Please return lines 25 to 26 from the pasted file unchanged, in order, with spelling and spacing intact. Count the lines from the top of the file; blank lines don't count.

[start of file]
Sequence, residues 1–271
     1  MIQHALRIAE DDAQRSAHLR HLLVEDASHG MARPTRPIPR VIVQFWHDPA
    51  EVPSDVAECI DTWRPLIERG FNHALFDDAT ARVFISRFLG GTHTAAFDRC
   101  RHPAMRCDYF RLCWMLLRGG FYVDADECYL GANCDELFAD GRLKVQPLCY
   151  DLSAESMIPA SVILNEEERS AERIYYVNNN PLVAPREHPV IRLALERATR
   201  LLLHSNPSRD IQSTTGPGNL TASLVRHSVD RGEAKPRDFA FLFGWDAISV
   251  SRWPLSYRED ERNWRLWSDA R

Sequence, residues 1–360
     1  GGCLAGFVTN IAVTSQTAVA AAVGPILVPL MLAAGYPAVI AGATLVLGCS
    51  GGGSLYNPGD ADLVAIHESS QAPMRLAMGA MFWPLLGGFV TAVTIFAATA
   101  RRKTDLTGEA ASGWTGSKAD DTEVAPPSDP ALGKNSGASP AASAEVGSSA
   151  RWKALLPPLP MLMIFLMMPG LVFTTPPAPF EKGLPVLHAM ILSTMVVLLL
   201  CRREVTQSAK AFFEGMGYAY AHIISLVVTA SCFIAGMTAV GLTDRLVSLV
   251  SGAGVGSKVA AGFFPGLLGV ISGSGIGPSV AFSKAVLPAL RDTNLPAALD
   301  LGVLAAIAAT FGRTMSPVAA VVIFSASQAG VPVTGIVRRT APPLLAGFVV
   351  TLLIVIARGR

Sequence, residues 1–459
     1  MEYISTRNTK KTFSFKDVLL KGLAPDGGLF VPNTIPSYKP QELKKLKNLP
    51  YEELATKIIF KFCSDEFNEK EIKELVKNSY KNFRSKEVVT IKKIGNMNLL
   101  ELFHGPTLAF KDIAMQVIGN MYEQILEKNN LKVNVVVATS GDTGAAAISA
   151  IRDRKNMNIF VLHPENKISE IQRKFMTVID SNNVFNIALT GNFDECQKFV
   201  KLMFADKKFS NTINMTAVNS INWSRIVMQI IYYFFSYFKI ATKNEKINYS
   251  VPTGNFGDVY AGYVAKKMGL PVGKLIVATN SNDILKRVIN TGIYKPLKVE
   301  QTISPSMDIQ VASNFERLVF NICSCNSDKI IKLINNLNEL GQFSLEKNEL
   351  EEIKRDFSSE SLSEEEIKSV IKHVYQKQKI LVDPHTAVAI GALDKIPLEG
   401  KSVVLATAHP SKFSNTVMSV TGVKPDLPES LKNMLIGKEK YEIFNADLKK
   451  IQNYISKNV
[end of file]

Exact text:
   351  EEIKRDFSSE SLSEEEIKSV IKHVYQKQKI LVDPHTAVAI GALDKIPLEG
   401  KSVVLATAHP SKFSNTVMSV TGVKPDLPES LKNMLIGKEK YEIFNADLKK